Last Tuesday I hit bottom.
I am no stranger to emotional highs and lows. Normally, however, my moodiness is quite structured. Each month I have two stable weeks followed by two grumpy weeks. And yes, it all revolves around my period. Oh the joys.
My PMS infliction is quite humbling, for two reasons. One, I used to think PMS was a made-up condition. (Yes, I see the cosmic joke. Ha. Ha. Ha.) And two, being no better than my hormones does not make me feel very highly evolved.
On my PMS weeks, I’m wildly irritable, grumpy, and snarky. I stomp around the house. I moan a lot. My whole family is used to this, and my husband handles me like a pro—he alternates between keeping his distance, sending me to my room for time outs, and poking fun at me. The moodiness is miserable but manageable; there is an explanation and an end.
What hit me last week was no normal PMS. It was twelve hours of hardcore, clinical-like depression.
I know that duration is key in the definition of clinical depression, and that twelve hours hardly counts as depression in the truest sense. However, even though my episode lacked length (thank goodness) it packed a hefty dose of everything else. I know this because five years ago there was a string of weeks—weeks in which I couldn’t stop crying and putting on my socks felt like an insurmountable task—that culminated in a doctor’s visit and a saving prescription for a happy pill. Eighteen months later, I went off the antidepressants and I’ve been stable (or some derivative of stable) ever since.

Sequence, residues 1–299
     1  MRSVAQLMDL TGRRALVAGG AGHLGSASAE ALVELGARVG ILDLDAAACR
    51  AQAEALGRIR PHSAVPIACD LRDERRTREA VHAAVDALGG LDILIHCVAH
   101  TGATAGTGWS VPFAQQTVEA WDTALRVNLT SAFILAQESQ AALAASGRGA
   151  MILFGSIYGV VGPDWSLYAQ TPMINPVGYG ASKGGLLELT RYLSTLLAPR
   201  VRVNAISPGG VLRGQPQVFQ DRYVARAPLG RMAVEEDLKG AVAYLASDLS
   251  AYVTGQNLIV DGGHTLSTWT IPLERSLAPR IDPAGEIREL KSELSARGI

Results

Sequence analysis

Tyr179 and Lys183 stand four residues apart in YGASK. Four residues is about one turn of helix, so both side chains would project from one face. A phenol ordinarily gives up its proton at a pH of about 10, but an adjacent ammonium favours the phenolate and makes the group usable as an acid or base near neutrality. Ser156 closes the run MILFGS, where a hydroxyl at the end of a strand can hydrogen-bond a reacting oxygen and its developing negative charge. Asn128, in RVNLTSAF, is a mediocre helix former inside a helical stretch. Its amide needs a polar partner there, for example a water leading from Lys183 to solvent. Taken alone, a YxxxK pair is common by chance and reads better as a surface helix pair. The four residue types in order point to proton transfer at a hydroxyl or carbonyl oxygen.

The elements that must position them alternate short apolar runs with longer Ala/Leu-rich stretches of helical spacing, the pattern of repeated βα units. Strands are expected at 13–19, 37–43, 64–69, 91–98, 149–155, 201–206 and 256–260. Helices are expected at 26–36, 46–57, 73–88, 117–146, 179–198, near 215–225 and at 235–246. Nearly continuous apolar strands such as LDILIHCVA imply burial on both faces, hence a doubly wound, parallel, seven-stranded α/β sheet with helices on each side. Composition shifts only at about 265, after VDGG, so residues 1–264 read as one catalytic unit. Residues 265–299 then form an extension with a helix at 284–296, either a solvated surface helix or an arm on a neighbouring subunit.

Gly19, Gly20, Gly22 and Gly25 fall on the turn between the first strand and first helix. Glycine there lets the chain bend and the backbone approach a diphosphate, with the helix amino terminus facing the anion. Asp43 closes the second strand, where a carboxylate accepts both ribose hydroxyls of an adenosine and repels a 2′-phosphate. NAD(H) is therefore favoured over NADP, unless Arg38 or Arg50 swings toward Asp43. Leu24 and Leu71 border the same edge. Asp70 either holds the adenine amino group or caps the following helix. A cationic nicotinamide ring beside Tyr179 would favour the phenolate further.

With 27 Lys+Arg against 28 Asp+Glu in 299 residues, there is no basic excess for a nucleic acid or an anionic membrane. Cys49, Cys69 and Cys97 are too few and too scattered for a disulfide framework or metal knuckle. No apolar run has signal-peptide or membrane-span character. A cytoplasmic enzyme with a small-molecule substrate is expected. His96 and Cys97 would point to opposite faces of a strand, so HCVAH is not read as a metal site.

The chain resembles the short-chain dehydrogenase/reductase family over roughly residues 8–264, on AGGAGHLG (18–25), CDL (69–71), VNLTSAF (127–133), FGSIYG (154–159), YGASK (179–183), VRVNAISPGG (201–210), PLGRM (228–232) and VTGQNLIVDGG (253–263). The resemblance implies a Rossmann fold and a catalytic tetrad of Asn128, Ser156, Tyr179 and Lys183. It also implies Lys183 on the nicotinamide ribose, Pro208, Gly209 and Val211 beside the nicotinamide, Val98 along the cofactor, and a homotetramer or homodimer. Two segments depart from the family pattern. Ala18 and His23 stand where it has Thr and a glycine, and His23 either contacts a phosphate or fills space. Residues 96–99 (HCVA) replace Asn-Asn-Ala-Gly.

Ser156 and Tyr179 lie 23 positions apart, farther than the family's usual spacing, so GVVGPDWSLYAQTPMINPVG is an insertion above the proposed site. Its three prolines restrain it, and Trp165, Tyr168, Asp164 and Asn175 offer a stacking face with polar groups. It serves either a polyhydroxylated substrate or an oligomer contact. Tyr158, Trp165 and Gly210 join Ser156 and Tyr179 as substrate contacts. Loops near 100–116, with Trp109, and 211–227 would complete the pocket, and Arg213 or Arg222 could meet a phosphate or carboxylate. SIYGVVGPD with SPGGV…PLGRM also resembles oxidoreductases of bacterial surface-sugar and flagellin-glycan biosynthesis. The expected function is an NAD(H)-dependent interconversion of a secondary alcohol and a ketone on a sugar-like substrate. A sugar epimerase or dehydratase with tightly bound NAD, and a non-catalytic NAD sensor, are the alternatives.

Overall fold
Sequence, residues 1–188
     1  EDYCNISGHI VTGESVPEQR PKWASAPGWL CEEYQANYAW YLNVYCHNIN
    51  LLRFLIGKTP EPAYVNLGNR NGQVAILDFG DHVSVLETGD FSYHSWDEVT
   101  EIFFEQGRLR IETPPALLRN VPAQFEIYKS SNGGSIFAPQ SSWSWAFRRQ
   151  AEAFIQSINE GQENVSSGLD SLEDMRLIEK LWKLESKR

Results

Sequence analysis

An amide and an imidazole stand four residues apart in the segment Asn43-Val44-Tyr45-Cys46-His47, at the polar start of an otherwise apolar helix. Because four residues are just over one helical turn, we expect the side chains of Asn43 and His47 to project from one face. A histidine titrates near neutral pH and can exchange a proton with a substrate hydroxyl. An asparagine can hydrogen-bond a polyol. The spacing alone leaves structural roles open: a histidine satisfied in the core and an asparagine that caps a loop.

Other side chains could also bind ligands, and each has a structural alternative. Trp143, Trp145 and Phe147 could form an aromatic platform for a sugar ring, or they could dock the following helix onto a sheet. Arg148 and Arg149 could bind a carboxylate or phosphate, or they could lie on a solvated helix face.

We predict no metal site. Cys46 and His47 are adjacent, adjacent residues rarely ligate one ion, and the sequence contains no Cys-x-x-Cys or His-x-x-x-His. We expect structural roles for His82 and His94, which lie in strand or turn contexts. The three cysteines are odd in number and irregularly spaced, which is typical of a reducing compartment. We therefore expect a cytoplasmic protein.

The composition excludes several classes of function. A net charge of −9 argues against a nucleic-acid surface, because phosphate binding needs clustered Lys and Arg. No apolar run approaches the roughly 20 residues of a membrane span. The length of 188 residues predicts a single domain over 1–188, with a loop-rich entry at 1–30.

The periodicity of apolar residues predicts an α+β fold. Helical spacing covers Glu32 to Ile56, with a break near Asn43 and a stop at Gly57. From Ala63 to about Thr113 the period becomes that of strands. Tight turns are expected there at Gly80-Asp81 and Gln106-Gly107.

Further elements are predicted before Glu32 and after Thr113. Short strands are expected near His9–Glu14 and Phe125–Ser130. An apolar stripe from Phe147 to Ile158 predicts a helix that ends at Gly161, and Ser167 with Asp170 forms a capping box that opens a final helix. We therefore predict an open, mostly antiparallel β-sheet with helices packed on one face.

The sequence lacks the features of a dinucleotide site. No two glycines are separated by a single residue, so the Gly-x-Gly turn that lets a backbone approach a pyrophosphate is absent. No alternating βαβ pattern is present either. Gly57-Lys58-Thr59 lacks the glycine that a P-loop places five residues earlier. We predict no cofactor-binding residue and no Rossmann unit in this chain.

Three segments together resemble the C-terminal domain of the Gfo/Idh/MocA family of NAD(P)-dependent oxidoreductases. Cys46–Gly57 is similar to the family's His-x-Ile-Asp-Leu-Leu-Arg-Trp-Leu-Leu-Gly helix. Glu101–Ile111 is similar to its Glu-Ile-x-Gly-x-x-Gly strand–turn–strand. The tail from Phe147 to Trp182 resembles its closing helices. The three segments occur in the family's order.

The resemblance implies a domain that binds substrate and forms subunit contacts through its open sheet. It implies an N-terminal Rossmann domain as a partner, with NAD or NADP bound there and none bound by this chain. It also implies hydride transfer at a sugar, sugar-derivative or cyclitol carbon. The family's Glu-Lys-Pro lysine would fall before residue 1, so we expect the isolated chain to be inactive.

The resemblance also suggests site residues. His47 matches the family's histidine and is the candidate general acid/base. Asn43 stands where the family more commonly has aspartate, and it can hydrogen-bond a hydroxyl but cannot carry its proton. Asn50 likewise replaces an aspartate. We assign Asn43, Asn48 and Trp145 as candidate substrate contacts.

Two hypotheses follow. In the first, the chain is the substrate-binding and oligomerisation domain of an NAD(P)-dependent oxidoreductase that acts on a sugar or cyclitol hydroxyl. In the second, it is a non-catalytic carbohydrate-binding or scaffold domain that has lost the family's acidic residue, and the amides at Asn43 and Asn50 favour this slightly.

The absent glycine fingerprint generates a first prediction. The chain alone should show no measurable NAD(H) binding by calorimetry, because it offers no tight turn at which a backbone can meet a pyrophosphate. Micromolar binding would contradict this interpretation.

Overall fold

Last Tuesday, I made it almost till noon before I cracked. I called my husband and sobbed in his ear. I canceled my afternoon appointments. I turned down a walk with my sister-in-law because I couldn’t bear to be around other humans. To pass the time till my husband got home, and to lessen the disappointment of the canceled trip to town, I let the kids watch a movie.
At first I thought Fiddler on the Roof was a great idea. Tevye made me smile in spite of myself, and just the fact that I was still able to stretch my face muscles upwards was encouraging.
But then we hit Part Two: war, shattered dreams, children growing up and leaving their parents, sunrise, sunset, wah, wah, wah. My throat clenched up and my eyes started leaking all over again. I had to repeatedly leave the room to gather my wits. (There weren’t that many to gather.)
As soon as my husband arrived home, I headed out on a walk all by myself.
The clouds had been heavy and dark all day, perfectly mirroring my mood. I felt like I could crumble in a pile of snot at any moment, but I pushed on, willing myself to think about other things.
And then it occurred to me that in a few weeks my oldest would be thirteen. Thirteen! Immediately, my life as I know it was over. Sunrise, sunset. Throat clench. That dang eye leak again!
My children would leave me and I—
A gunshot cracked, shattering the silence. The bullet whizzed through the valley and bounced off a barn roof—or at least that’s what it sounded like. I flinched and looked down to see if I had any holes.
Miracle of miracles, I was intact! No blood!
I patted my chest to make sure.
Should I take cover? Did I look like a deer on two legs?
I walked faster, eager to get home to my wonderfully, fully-alive family. The heavy clouds suddenly no longer seemed nearly so oppressive. I was breathing! Life was good!
I muddled through the evening, sad but functional. The next morning, I walked around gingerly, afraid the beast would rear its ugly head. But it didn’t.
There is no neat ending to this tale. No pretty words.
Just the acknowledgment that, for some people, my bad Tuesday is their normal.